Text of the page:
Wildlife populations drop by 68 per cent in 50 years

yellow spotted salamander Brian Lasenby/shutterstock

It’s generally accepted in the scientific community that it took something out of this world—an asteroid—to wipe out the dinosaurs. The culprit behind what could become the next great wildlife extinction event already lives here on Earth: human beings. A recent report on wildlife populations by the World Wildlife Foundation (WWF) has concluded that the collective global populations of mammals, fish, birds, reptiles, and amphibians declined by an astonishing 68 percent between 1970 and 2016.

Here in North America, wildlife populations dropped by 33 percent. Hardest hit globally are our neighbours to the south in Latin America and the Caribbean where the declines hit 94 percent. The report cites more than 2,000 species of amphibians in that region along that are at risk of extinction.

Of particular concern for Canadian birders is the fact that most migratory species that breed here migrate south to winter in South and Central America.

As WWF International Director General Marco Lambertini writes in the report’s introduction, “Nature is declining globally at rates unprecedented in millions of years…. It is time we answer nature’s SOS.”

While the report makes for depressing reading for anyone who cares about the environment, “It’s not surprising,” says Dan Kraus, senior conservation biologist for the Nature Conservancy of Canada (NCC). “This is the trend we’ve been seen of a long, slow decline of species.” What concerns Kraus is that unlike with some historic population crashes such the dramatic decline of bald eagles and other birds as a result of the pesticide DDT’s widespread use, once the culprit was addressed, the populations began to recover. “We were able to solve those problems. Now there are multiple threats to multiple species,” says Kraus.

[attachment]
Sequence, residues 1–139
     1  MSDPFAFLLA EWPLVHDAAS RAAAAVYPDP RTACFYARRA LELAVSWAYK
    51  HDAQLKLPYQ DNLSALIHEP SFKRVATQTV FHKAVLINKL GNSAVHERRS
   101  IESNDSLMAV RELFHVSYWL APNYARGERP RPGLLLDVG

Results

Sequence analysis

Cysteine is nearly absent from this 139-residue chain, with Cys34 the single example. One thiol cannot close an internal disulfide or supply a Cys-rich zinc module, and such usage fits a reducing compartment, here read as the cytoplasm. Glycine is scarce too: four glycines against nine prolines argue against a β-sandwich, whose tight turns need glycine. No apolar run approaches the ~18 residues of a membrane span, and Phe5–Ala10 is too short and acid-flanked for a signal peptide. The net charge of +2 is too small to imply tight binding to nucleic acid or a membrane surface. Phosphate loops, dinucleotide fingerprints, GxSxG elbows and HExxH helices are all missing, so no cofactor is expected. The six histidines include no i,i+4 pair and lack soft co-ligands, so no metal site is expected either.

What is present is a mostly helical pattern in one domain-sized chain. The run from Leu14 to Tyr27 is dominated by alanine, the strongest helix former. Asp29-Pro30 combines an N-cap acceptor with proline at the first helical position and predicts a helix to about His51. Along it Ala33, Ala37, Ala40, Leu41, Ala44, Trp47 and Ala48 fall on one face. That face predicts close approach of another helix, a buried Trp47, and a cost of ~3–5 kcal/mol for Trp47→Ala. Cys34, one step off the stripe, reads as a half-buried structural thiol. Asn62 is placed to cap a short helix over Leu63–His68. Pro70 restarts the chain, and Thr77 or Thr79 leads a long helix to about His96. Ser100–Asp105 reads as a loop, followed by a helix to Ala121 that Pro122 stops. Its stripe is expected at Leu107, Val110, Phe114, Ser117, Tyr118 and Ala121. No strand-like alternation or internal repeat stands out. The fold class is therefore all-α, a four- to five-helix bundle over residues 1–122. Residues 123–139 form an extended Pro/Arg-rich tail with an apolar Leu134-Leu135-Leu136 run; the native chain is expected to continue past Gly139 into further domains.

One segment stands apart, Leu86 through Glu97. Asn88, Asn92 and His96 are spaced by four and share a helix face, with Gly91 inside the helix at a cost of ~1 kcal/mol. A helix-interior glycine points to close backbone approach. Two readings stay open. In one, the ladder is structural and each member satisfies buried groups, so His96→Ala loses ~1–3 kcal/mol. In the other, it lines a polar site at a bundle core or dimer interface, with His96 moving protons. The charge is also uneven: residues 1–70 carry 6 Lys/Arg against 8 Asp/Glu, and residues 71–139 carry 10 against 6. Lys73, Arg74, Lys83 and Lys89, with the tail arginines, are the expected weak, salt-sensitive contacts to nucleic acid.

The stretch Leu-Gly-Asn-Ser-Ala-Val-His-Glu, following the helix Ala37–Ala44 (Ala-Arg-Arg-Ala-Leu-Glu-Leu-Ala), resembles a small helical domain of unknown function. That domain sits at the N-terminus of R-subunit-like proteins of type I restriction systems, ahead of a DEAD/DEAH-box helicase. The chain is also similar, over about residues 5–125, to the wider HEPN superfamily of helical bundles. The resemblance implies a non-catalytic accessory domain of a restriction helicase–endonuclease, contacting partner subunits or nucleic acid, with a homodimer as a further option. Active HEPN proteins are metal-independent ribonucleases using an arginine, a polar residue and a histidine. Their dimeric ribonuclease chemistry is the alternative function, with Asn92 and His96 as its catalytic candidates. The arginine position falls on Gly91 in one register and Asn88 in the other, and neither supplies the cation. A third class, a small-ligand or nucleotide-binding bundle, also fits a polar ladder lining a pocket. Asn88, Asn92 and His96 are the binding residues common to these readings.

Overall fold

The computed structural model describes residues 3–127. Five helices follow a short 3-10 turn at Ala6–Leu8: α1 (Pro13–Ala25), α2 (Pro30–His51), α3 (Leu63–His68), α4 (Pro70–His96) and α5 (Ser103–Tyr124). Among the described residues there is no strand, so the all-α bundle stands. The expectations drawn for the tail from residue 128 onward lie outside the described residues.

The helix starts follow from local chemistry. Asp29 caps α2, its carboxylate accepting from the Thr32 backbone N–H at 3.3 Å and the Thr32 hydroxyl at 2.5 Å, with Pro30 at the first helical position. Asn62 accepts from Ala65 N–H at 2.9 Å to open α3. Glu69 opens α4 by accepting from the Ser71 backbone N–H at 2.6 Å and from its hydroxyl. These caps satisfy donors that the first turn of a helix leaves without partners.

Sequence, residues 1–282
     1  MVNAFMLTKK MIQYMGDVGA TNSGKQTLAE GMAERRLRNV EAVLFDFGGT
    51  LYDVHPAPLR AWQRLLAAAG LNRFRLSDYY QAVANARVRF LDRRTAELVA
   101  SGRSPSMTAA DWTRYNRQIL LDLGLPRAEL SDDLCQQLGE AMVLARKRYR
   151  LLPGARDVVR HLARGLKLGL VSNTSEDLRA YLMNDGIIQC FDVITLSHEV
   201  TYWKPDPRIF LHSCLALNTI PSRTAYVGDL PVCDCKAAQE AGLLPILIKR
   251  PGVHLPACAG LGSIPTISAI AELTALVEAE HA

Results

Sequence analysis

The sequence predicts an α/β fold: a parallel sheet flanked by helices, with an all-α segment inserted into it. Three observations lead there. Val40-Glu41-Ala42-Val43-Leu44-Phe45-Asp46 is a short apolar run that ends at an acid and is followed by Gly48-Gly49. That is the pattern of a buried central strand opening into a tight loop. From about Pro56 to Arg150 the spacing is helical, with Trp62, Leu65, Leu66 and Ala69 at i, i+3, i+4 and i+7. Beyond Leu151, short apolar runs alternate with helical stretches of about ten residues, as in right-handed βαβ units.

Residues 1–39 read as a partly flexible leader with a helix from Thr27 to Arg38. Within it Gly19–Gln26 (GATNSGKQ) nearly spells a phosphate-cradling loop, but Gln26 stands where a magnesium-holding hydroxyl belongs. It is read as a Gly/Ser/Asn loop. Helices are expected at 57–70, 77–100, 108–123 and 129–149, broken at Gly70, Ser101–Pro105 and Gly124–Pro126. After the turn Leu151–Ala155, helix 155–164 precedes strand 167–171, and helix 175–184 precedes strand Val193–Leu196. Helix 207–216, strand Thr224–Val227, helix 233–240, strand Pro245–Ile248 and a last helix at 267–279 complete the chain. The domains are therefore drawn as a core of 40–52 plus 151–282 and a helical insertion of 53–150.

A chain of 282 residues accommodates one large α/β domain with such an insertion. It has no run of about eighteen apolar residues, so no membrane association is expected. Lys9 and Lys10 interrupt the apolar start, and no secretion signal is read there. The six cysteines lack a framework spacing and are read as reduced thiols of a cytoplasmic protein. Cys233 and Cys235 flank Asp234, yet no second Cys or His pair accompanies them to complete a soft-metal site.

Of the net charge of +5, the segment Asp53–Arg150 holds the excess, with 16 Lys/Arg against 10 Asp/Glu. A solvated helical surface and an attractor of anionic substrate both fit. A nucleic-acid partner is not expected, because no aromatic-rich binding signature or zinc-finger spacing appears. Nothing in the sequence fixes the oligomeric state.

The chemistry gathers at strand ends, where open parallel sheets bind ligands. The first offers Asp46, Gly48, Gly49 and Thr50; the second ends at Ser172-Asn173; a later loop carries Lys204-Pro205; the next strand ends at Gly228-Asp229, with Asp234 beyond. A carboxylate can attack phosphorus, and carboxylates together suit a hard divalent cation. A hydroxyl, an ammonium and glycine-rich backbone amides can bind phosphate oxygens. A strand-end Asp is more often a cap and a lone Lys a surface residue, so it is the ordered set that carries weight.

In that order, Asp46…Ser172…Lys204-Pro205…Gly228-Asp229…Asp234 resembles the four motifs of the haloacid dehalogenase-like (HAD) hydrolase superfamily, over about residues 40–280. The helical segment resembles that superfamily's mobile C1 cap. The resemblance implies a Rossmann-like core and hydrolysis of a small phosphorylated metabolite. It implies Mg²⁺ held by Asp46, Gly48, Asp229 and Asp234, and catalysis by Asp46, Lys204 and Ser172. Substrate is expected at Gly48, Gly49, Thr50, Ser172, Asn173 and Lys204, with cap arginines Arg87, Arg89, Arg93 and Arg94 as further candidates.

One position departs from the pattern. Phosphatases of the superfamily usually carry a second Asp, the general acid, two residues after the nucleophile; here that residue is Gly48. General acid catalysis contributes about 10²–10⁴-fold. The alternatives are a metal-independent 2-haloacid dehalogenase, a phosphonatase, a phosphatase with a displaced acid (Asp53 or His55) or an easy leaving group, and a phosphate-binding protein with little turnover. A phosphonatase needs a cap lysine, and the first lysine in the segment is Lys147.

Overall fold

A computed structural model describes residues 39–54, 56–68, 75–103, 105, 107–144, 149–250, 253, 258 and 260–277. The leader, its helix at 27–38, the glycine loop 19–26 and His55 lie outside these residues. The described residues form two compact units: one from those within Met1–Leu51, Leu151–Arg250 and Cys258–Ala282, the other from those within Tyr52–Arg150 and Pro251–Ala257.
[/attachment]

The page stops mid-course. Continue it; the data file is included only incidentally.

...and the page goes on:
The report cites five key factors causing the decline: habitat loss and degradation, overharvesting for food supplies, invasive species, pollution, and climate change. Universally, habitat loss is the gravest concern, accounting for about half the losses globally, but interestingly, the report also states that while, climate change is projected to become as, or more important in the coming decades.

Kraus says Canada has a unique opportunity to help stem the flow of decline of wildlife populations. “We have large intact landscapes in northern Canada on a scale unlike anything remaining elsewhere in the world,” he says. Unfortunately, the narrow strip of land within 100 km of the U.S. where 80 percent of Canadians live, also happens to be where the vast majority of Canada’s endangered species call home, largely because the natural landscapes they rely on have been plowed over or otherwise compromised.

Since its founding in 1962, the NCC has conserved 14 million hectares (35 million acres) of land across the country, protecting invaluable tracts of forest, tall grass prairie, marshland, and other habitat essential for many species’ survival.

Many of the NCC’s protected properties are open to the public in an effort to foster a greater conservation mindset. “The more we learn about plants and animals, the more connected we are with the natural world around us,” says Kraus.

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